Hypothyroidism and Goitrogens
A question that has come up often on our community page Ask the Nutritionist is ‘what fruits and vegetables should I avoid if I have a thyroid condition?’ It has been shown that some vegetables can interfere with the way thyroid hormones are manufactured by the thyroid gland.
Your thyroid is a butterfly-shaped gland that sits near your vocal cords and produces thyroid hormones that control your metabolism. Symptoms of an under active thyroid gland can be low body temperature, constipation, weight gain, hair loss, dry flaky skin and nails, fluid retention, slow reflexes, fatigue and slow thoughts and cognition. Thyroid problems can develop for a number of reasons, but the most common causes of thyroid problems are nutrient deficiencies such as iodine and selenium deficiency, autoimmune disease, genetics, stress and environmental factors. The most common type of thyroid problem is hypothyroidism (under active gland).
Goitrogens are substances that suppress the function of the thyroid gland by interfering and blocking the enzyme that allows your thyroid to use iodine, this can cause an enlargement of the thyroid (goitre). Iodine is important in the formation of thyroid hormone. So by inhibiting iodine, there will be a decrease in thyroid hormone.** Iodine deficiency has re-emerged in Australia in recent years.
If your diet is deficient in iodine and/or selenium, or you have an underactive thyroid, known as hypothyroidism, eating raw cruciferous vegetables can further suppress your thyroid hormone function. So it is suggested to avoid consuming LARGE amounts of RAW cruciferous vegetables such as broccoli, cauliflower, Brussels sprouts, bok choy, broccolini, chinese cabbage, kale, kohlrabi, radish, mustard greens, collard greens, choy sum, horseradish and turnips. Isothiocyanates are the category of substances in cruciferous vegetables that have been associated with decreased thyroid function.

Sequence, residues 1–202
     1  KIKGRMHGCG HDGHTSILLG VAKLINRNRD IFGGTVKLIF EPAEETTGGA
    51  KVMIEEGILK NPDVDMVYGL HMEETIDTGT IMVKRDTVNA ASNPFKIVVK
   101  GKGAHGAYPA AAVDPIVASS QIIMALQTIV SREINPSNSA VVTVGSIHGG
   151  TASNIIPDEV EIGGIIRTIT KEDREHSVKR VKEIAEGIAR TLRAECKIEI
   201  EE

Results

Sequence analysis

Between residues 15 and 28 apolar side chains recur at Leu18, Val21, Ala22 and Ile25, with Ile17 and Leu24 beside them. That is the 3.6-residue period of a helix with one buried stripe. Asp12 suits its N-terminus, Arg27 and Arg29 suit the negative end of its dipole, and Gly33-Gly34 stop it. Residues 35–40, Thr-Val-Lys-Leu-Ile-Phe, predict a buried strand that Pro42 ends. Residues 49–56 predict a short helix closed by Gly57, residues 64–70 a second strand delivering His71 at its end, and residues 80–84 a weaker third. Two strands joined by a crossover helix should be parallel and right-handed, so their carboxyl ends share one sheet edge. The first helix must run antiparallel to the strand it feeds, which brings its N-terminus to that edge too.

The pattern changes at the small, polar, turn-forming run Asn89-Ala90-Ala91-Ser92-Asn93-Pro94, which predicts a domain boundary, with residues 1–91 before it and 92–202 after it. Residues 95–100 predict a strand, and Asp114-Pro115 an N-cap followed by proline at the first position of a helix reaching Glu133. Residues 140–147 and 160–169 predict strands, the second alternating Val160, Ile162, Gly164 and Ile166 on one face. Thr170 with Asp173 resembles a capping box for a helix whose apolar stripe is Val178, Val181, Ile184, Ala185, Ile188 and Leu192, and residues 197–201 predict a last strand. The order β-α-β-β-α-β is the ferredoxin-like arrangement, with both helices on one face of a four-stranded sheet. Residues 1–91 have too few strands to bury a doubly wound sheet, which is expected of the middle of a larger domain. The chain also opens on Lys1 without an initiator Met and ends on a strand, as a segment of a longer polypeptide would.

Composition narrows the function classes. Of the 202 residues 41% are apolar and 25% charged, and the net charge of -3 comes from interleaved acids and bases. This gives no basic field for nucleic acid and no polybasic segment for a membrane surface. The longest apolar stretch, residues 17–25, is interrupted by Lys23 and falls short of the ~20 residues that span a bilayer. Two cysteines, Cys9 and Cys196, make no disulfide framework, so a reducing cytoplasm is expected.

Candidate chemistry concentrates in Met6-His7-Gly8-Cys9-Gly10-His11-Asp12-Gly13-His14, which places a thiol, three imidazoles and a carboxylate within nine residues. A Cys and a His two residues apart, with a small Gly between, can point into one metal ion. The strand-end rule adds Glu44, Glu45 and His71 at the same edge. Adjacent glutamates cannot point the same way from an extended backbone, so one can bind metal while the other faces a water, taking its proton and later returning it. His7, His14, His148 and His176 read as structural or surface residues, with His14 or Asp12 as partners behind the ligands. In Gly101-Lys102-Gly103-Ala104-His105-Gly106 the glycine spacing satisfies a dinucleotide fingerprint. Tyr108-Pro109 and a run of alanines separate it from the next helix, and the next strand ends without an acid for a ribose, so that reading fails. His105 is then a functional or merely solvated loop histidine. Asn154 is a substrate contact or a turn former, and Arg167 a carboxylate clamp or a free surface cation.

Soy contains goitrogens, although fermenting soy disables the goitrogenic isoflavones found in soy foods. Other foods containing smaller amounts are spinach, strawberries, peaches and peanuts.
It remains important to consume the foods listed above for their health promoting properties at least a few times per week. Cruciferous vegetables have been shown in studies to decrease the risk of many types of cancer, particularly bowel and breast cancer. Cruciferous vegetables are high in vitamins, minerals and phyto-nutrients. The American Cancer Society suggests eating one serving of cruciferous vegetables every day.
During your Reboot, the goal is not to eliminate goitrogenic foods from the meal plan, but to limit intake so that it falls into a reasonable range.
Since cooking has been shown to inactivate the goitrogenic compounds, for individuals with deficient thyroid hormone production, cooking of cruciferous vegetables is highly recommended. Isothiocyanates found in cruciferous vegetables appear to be heat-sensitive, and cooking appears to lower the availability of these substances. Avoid consuming these goitrogenic vegetables in a juice, as the goitrogenic properties are fully intact in their raw state. You can consume small amounts raw in a meal, but it is advised to consume the majority of these vegetables cooked.
It is very important to note that if you have a normal thyroid function and consume adequate amounts of iodine, these compounds will have no effect on your thyroid.
Food sources of iodine include iodized sea salt, seaweed, saltwater fish, shellfish and eggs. Food sources of selenium are brazil nuts, sunflower seeds, garlic, mushroom, onions and seafood.
A Thyroid Juice
½ cup Pineapple
½ Beetroot with tops
2 Stalks Celery
Other Substititions for cruciferious vegetables: celery, celery leaves, silverbeet (chard), beetroot (beet), beetroot leaves, cos (romaine) lettuce, Courgette (zucchini), cucumber, grapefruit, lemon, limes, orange and watermelon to name a few.